Margot Fonteyn and Rudolf Nureyev rehearsing Roland Petit’s ballet Paradise Lost at the Royal Opera House in London. 20th February, 1967.
Romeo and Juliet as it was intended to be: Gable and Seymour in the roles created for them, in a 1965 performance.
Kenneth Macmillan’s acclaimed ballet version of Romeo and Juliet premiered at the Royal Opera House, Covent Garden on the 9th of February, 1965.
Even though the ballet had been specifically created for Christopher Gable and Lynn Seymour, the intervention of Russian-American tour organiser Sol Hurok meant they were not allowed to dance first cast in the lead roles.
Instead, Gable and Seymour, critically acclaimed dancers who had personal input into the choreography, were forced to teach their roles to Rudolf Nureyev and Margot Fonteyn, who would also go on to feature in the video recording of the ballet.
In further controversy, choreographer John Cranko, whose earlier production of the ballet is eerily similar to Macmillan’s version in a number of scenes, was said to be horrified by what he saw as plagiarism of his work.
The Nutcracker ballet, in a photograph dated the 11th of December, 1966. The Snow Queen and Snow King are played by Jiji Jahrig and Charlie Putman, and the Snowflakes are Sherry Darmopray, Christy Darmopray and Linda Vigil. The picture comes from The Denver Post.
Ulrike Lytton as the bad fairy Carabosse in The Australian Ballet’s Sleeping Beauty in December, 1984. Lytton committed suicide in the 1990s, soon after retiring from dance.
The destroyed theatre. X
One of the worst building fires in US history occurred in New York on the 5th of December, 1876. At least 278 – but possibly more than 300 – people were killed when a fire broke out at the Brooklyn Theatre during the final act of The Two Orphans.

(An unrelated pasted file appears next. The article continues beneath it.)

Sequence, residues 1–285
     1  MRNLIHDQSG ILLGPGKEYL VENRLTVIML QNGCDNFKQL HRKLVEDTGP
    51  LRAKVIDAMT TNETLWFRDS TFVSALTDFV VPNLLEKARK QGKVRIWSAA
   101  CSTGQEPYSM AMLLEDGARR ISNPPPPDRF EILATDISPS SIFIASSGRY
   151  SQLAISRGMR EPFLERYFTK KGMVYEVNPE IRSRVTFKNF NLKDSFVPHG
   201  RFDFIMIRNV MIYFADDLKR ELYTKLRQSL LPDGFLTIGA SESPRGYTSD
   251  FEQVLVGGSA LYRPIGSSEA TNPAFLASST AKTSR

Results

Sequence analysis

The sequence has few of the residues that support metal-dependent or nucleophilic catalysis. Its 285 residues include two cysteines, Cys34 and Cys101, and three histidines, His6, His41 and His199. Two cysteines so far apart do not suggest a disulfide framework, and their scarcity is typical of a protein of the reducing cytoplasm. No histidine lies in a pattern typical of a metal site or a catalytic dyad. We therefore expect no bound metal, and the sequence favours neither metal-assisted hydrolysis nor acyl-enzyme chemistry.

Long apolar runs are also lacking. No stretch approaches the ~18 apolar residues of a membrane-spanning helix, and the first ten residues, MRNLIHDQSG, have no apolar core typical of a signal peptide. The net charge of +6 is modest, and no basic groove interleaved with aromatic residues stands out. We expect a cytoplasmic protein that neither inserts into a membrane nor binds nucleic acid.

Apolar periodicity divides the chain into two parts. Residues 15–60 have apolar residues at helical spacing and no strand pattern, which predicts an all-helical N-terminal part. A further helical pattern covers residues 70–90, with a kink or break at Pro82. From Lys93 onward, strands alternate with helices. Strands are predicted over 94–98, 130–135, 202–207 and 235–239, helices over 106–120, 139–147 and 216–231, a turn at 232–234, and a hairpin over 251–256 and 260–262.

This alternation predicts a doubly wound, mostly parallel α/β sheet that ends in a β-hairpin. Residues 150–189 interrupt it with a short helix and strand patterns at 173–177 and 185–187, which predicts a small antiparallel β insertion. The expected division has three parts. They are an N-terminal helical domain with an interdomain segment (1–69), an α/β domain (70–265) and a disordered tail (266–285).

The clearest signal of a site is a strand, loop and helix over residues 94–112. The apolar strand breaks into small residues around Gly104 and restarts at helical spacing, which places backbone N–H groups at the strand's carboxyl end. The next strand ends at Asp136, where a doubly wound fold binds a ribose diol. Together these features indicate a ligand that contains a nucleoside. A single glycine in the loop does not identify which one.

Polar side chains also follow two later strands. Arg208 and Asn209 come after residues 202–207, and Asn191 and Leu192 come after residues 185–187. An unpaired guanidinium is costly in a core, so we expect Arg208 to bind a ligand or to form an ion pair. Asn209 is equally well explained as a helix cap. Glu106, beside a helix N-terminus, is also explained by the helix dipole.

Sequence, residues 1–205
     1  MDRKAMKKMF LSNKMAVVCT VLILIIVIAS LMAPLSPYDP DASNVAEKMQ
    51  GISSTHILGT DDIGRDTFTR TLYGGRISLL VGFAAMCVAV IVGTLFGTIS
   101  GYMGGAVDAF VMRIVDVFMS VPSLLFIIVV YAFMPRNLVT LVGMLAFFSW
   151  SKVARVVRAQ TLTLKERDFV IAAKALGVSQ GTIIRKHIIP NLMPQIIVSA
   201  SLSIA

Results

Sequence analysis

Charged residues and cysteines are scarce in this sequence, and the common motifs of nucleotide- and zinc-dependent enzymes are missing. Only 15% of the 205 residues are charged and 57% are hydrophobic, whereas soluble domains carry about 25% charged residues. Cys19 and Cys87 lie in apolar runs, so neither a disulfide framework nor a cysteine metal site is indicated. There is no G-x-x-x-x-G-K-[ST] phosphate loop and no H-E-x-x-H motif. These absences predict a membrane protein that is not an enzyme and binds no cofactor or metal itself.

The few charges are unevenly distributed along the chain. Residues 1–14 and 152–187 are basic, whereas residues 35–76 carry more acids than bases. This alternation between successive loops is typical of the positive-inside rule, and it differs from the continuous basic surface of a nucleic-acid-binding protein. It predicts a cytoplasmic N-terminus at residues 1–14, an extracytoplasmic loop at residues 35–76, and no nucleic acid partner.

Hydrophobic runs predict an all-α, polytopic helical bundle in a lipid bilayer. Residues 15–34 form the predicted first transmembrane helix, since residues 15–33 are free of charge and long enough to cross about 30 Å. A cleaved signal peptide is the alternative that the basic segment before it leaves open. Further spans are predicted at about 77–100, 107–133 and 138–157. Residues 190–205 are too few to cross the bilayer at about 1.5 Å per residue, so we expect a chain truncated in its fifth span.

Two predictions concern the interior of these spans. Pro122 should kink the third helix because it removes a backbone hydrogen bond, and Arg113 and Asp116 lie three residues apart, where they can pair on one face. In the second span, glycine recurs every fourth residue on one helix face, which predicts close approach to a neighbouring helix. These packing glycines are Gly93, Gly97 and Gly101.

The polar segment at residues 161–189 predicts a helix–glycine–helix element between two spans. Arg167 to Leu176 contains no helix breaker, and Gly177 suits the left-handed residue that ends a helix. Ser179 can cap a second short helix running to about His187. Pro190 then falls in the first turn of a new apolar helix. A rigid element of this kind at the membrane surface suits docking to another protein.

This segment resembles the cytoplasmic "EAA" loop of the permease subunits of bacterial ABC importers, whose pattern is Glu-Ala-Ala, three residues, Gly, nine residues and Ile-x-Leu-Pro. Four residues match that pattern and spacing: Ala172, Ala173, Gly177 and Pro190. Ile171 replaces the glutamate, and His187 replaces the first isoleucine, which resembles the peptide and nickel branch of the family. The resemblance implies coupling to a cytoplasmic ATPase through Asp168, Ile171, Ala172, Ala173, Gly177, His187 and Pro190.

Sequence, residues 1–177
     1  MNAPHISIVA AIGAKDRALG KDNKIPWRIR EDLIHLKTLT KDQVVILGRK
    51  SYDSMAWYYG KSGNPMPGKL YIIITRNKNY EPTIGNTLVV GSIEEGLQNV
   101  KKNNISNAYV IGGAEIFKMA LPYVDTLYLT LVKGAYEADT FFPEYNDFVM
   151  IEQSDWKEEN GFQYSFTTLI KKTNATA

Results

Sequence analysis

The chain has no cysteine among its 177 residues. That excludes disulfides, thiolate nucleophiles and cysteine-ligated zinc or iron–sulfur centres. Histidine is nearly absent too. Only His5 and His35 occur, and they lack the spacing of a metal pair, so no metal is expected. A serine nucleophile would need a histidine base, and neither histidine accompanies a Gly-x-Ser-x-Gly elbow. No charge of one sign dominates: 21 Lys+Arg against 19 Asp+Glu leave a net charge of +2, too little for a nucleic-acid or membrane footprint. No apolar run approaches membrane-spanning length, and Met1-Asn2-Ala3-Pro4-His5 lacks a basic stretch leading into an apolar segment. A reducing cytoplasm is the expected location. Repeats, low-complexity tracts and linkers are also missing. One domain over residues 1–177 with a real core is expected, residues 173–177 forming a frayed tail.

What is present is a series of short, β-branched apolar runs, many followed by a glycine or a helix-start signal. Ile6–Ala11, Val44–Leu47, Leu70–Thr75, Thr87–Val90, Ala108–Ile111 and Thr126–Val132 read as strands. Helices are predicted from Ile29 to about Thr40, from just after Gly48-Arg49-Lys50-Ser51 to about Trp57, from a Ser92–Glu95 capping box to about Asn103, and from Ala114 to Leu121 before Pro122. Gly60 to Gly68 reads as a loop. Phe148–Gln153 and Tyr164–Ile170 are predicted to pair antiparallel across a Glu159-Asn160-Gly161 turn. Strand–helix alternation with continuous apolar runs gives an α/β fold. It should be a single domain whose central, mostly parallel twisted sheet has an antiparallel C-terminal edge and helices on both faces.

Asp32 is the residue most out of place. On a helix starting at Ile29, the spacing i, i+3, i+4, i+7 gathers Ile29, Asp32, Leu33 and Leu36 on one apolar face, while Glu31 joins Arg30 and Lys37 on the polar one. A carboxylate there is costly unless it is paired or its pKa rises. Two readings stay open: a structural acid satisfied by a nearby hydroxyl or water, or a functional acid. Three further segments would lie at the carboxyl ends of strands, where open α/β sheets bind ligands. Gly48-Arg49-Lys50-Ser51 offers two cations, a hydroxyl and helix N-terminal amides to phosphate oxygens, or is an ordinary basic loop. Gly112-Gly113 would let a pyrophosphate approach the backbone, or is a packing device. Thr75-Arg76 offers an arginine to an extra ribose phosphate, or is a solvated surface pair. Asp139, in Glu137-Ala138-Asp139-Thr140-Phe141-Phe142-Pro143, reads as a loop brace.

The blaze began on the prompt side of the stage (the side where the stage manager sits). It was noticed part of the set had caught fire. Sets for more than one production were backstage at the time, meaning it was impossible to get the fire hose to extinguish the blaze.
Harper’s Weekly cover reporting on the fire. X
The performers onstage were made aware of the fire, but continued with the show for a short time, worried about causing a panic. Stagehands tried to extinguish the flames, but the fire continued to gain ground.
Despite being close to the flames, several members of the performing company took to the stage to call for the audience to be calm, so that people could escape the theatre safely.
One of those performers was Kate Claxton, who was later described as:
‘the nerviest woman I ever saw … [She] came out with J. B. Studley, and said the fire would be out in a few moments. She was white as a sheet, but she stood up full of nerve.’ X
Most of the deaths occurred in the highest, cheapest seats, where several hundred people sat, and where the narrow exit became blocked and people trampled each other. Many succumbed to smoke inhalation.
Floor plan of the theatre, published two days after the fire. X
By the time firemen arrived at the scene nobody responded to their calls, and cracks had begun to appear in the building.
Less than half an hour after the first flames were spotted, much of the theatre collapsed.
The theatre in ruins. X
Several years after the disaster, Kate Claxton reflected that it had been a mistake to continue the play, and that the curtain should have been kept down and the performance cancelled so the audience could have evacuated before they were made aware of the fire.
This hand-coloured etching of London’s Theatre Royal, Drury Lane was published on the 25th of November, 1812.
When this etching was published the building had only been opened a few weeks. This is the third theatre to have stood there, and it was opened on the tenth of October that year. It is the same building that now stands on the site.
The Australian Women’s Weekly ran a feature on a ballet production of Anna Karenina on the 17th of October, 1979.
Featured is ballerina Marilyn Rowe, who would go on to run The Australian Ballet School from 1998 to 2014.
The costume in the main picture is one we hired for a production of Robert Ray’s Cinderella in 1992 (in the image below).
It was worn by one of the “ugly sisters” – a little bit of a change from its original purpose!